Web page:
Monday, June 05, 2006

My Job is Stupid Part Two: the English Teacher Who Couldn't Speak English

After the calamity of trying to teach with Baka Sensei, I waited in some trepidation to find out who I would be 'team teaching' with in the new term. I was sick of the waste, humiliation and frustration of trying to work with somebody who refused to let anyone speak a word of English in 'English class'.

Naturally I had no say in who would be the new Japanese Teacher of English. I was not even informed about who would be making such a decision. Attempts to discover the chain of command were ignored (sometimes people in my office will literally not acknowledge that I have spoken).

So finally I met the new sensei. Seemed like a nice guy, in his thirties, a typical smoking pachinko-loving Japanese guy.

I decided to test the waters after introductions were made in Japanese.

'How long have you been teaching?'

Nothing. No response

'How long have you been teaching?' More slowly this time.

No reply except a puzzled look.

I tried something a bit simpler. 'It is nice to meet you.'

Nothing. A look of mild panic.


'Ah, konnichwa.' A smile spreads across his face.

So I continued in Japanese...

'How long have you been teaching English?'
'Ah, this is my first job.'
'Okay...what were you doing before this?'
'I was studying at university'
'Right...and before university?'
'Um, high school'
This guy was definitely in his thirties...
'Okay, how long were you in university?'
'Nine years'
'Nine years??'
'That's right.'
'Well, what did you study at university?'
'I just don't get it, mate'

There followed a long complex explanation about what he was doing at university which I could not follow because my Japanese was not good enough.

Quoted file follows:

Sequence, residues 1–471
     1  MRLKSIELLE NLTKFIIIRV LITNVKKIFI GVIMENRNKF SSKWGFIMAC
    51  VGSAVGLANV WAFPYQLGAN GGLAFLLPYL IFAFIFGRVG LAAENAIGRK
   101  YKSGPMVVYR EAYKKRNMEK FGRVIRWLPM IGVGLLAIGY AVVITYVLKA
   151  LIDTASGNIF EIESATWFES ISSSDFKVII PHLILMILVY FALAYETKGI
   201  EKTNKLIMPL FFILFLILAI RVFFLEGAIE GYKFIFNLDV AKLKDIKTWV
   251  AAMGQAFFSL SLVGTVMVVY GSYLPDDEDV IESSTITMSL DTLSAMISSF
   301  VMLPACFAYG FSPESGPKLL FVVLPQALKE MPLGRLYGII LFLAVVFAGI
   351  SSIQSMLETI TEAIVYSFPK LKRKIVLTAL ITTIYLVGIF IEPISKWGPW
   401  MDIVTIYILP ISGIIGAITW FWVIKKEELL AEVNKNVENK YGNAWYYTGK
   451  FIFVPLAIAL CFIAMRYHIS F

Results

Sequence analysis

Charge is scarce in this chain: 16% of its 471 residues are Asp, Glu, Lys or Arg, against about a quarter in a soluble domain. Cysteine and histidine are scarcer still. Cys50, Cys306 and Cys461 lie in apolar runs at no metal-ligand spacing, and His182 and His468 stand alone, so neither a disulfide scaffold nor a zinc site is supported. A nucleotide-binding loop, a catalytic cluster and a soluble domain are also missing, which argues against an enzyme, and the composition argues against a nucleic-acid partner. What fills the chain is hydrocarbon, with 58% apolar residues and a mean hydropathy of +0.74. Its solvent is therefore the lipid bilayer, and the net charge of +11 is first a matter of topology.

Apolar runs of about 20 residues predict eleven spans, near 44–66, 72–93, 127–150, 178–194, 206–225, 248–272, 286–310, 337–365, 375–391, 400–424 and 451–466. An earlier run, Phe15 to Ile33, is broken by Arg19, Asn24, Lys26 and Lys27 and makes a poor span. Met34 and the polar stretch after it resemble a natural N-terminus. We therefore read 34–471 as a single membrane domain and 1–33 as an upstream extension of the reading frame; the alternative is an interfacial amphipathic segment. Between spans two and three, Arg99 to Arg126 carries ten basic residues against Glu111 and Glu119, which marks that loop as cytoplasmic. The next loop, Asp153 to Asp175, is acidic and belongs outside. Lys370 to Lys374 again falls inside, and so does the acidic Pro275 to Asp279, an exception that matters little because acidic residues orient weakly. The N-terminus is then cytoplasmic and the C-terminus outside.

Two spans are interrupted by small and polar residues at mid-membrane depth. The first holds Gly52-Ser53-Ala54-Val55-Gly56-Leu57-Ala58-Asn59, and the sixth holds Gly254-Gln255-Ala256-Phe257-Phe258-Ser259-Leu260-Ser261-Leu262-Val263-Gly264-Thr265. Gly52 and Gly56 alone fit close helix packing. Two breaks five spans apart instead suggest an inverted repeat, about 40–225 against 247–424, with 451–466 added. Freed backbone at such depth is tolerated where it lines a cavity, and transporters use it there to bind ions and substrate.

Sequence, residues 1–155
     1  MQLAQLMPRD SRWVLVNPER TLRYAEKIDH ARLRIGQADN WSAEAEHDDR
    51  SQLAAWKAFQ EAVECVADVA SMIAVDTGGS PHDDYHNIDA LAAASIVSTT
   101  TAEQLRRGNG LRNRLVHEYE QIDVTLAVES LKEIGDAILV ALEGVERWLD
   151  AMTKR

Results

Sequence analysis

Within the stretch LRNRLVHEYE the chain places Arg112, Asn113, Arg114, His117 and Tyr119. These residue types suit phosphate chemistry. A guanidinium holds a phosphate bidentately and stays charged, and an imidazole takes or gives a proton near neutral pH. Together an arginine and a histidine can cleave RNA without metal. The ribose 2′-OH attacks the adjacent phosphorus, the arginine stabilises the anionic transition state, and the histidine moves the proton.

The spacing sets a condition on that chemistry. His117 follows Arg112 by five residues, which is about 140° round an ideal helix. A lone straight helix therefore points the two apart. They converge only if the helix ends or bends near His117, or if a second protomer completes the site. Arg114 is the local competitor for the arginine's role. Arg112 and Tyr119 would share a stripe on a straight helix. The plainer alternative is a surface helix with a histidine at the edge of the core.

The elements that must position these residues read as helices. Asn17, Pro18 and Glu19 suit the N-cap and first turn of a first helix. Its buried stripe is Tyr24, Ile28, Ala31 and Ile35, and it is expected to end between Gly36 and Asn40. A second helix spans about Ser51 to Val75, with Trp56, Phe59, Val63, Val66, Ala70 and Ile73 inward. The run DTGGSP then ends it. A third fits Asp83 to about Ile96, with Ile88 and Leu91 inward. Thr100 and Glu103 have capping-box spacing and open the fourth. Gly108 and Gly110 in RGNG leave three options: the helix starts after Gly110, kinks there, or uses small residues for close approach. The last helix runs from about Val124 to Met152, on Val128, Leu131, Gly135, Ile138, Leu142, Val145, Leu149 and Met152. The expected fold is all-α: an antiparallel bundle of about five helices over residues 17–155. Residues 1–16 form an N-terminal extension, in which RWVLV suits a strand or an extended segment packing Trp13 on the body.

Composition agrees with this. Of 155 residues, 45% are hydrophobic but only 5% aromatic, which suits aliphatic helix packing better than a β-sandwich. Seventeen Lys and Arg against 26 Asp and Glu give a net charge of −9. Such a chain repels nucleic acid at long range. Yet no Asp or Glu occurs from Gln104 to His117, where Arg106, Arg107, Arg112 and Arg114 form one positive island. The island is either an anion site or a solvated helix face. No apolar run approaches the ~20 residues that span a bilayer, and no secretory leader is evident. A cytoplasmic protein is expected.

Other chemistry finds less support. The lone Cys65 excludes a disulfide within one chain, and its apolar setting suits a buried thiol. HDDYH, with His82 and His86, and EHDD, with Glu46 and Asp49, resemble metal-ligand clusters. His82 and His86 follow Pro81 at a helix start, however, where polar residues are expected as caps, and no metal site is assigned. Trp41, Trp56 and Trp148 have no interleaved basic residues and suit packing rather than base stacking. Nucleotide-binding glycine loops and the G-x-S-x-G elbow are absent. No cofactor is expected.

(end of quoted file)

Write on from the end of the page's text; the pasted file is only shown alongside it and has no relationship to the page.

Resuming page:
I never found out exactly what he did at university because I never asked again and he never offered. Nor did I ever attempt to speak any English with him again.

In class he gave explanations in Japanese of grammar points presented in the textbook. In Japanese, of course.

I want to get one thing straight right away. No Speak English Sensei was a vast, monumental improvement on Baka Sensei because he let me do stuff in class. That's right. I could make and implement games and activities that were communicative in nature. As a result the second years became infinitely more interested in and proficient with English. I began to enjoy coming to the Junior High School. No Speak English Sensei was so much better than Baka Sensei that I signed up to do a third year of JET. I even formed a good working relationship with him though I did wonder how he got to be teacher...which is a large topic in itself.

Naturally the fundamental problems with English Education at the Nejime Junior High School were not solved even though I was now speaking in class.

For example, I was not going to first year classes as I wasn't invited by the music teacher who was teaching them, nor was I going to third year classes, because third years were doing tests. These tests were happening every day I was there. No Speak English Sensei would photocopy a very long list of grammar or vocabulary questions, take the handouts to the class room and distribute them. The students would take out their pens and do the tests, mark their neighbour's, and, if time allowed, listen to the grammar translation that would follow. This went on, to my knowledge, for the entire term.

Next: Dream Sensei

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